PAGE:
Great circles and airline routes

2006-10-09

in Geek stuff, Science, Travel

When flying between western Canada and England, it sometimes seems surprising that such a northward trajectory is followed. On my way back to Vancouver, for instance, we were treated to an aerial view of Iceland’s unique landscape. Of course, the reason for the path is that the spherical character of the earth is not well reflected in standard map projections. The most famous – the Mercator projection – is arranged such that a straight line drawn on the map will correspond to a course that actually passes through each point on the earth depicted. This kind of map is called ‘conformal.’ As such, the notorious distortion (enlarging the apparent size of polar regions while reducing that of equatorial ones) is an emergent property of its design.

That said, the most efficient course between any two points on the globe is probably not the one that connects them on a Mercator projection line of the shortest distance. Mathematically, the most direct course is based on what is called a ‘great circle.’ That is to say, imagine marking your present location and your destination using a marker on an orange. The line you could draw all the way around, intersecting both, is the great circle. The line segment between the points is the shortest distance that can be transcribed between them on a sphere (or near-sphere, in the case of the earth).

Unless you are going due north, due south, or straight around the equator, actually following a great circle path requires constantly changing your heading. This is because of how the line you are on does not maintain a constant bearing with respect to either magnetic or true north. In the days before computers and long haul air travel, few people would probably have bothered to calculate great circle courses. A more venerable option can be found in the Rhumb line. Now, GPS and autopilot systems have made doing so all but automatic. Hence the genesis of those gracefully arcing lines printed in your in-flight magazine.

On a separate note, the precision of modern location and navigation systems in aircraft can sometimes cause problems. (Via Philip Greenspun)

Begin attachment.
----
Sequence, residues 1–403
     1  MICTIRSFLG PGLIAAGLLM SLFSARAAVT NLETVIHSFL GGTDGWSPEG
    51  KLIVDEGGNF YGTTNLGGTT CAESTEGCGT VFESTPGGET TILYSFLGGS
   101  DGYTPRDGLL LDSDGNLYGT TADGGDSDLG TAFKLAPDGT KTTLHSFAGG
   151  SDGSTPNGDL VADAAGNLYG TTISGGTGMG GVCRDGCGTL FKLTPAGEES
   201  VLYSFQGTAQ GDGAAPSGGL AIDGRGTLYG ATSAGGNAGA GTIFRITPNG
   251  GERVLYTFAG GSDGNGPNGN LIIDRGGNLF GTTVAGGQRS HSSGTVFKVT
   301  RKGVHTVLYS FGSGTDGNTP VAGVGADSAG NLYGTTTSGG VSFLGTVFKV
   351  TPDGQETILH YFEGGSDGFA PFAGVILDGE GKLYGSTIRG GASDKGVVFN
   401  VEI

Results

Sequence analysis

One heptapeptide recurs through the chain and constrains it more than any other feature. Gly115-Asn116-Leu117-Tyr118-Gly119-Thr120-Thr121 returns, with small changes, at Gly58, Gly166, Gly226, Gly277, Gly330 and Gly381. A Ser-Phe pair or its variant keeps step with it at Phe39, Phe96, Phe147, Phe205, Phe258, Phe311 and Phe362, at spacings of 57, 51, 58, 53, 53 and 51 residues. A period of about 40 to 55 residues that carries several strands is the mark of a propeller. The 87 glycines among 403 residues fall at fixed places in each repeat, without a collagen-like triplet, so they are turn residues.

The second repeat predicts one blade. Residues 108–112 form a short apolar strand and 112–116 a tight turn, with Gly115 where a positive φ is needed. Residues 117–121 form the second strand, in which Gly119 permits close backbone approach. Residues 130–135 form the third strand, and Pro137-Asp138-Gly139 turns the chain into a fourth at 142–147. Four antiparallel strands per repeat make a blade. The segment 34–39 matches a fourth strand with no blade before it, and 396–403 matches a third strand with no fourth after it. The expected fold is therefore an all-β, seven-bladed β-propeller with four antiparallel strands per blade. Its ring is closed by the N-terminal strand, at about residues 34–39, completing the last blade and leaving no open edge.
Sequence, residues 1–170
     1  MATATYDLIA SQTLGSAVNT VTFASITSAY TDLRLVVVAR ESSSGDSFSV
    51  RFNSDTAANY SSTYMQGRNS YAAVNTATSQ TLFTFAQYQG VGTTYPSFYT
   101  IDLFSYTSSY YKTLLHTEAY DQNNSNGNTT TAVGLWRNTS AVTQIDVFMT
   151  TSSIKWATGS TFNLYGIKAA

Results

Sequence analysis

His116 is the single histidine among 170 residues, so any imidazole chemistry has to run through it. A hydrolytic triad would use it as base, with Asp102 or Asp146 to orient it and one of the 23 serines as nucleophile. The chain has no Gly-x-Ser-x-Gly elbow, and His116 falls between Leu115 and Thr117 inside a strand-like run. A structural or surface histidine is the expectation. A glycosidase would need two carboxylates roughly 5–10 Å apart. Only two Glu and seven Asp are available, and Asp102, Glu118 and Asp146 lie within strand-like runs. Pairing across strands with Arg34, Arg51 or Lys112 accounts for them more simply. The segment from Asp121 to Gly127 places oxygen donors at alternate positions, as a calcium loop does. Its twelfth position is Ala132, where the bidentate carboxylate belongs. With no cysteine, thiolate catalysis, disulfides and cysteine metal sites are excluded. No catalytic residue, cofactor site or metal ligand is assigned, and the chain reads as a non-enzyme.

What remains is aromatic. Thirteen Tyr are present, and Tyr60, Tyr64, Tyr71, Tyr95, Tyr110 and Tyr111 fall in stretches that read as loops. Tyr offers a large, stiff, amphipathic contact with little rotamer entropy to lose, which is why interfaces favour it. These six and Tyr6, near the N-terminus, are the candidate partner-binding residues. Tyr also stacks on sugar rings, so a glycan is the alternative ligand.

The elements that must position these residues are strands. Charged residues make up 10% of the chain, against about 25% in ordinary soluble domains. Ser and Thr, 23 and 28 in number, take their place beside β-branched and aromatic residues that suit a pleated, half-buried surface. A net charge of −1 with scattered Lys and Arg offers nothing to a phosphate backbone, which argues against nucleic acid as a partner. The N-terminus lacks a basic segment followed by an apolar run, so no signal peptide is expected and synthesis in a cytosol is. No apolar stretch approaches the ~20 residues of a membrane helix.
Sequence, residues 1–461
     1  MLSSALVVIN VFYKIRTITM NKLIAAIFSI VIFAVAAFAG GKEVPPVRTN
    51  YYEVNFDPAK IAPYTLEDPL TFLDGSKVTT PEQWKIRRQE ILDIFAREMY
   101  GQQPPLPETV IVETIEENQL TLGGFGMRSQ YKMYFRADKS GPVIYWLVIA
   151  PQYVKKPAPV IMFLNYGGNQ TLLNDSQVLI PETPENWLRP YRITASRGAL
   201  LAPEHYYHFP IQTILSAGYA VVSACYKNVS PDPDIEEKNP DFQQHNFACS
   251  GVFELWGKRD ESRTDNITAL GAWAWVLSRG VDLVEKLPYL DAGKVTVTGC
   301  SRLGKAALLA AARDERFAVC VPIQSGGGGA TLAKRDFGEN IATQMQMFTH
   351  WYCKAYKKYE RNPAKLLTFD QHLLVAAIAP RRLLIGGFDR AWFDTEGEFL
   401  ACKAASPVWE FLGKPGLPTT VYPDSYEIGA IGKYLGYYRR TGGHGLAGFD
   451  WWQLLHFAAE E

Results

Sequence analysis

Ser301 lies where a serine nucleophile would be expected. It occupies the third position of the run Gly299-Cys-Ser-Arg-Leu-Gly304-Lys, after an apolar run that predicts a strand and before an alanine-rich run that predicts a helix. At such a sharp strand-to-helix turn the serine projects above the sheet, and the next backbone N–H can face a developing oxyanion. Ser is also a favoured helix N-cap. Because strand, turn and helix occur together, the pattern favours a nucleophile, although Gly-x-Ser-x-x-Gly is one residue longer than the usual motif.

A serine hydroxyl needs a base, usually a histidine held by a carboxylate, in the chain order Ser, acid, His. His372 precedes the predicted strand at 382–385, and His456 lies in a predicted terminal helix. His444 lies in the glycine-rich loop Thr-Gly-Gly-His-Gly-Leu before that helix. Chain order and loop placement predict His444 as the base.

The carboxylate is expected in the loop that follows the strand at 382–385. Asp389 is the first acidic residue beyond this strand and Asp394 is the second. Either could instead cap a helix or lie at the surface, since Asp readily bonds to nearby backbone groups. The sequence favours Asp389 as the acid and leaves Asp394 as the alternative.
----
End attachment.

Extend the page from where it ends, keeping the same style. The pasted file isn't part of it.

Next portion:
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{ 2 comments… read them below or add one }

Milan February 28, 2008 at 11:06 am
. March 29, 2010 at 4:55 pm

“For example, when I was little, my dad used to enjoy quizzing me about geography. Which is farther north, he’d ask, Rome or New York City? Most people would guess New York, but surprisingly they’re at almost the same latitude, with Rome being just a bit farther north. On the usual map of the world (the misleading Mercator projection, where Greenland appears gigantic) it looks like you could go straight from New York to Rome by heading due east.

Yet airline pilots never take that route. They always fly northeast out of New York, hugging the coast of Canada. I used to think they were staying close to land for safety’s sake, but that’s not the reason. It’s simply the most direct route, if you take the earth’s curvature into account. The shortest path from New York to Rome goes past Nova Scotia and Newfoundland, then heads out over the Atlantic, and finally veers south of Ireland and across France for arrival in sunny Italy.

This kind of path on the globe is called an arc of a “great circle.” Like straight lines in ordinary space, great circles on a sphere contain the shortest paths between any two points. They’re called “great” because they’re the largest circles you can have on a sphere. Conspicuous examples include the equator and the longitudinal circles that pass through the north and south poles.

Another property that lines and great circles share is that they’re the straightest paths. That might sound strange — all paths on a globe are curved, so what do we mean by “straightest”? Well, some paths are more curved than others. The great circles don’t do any additional curving, above and beyond what they’re forced to do by following the surface of the sphere.”

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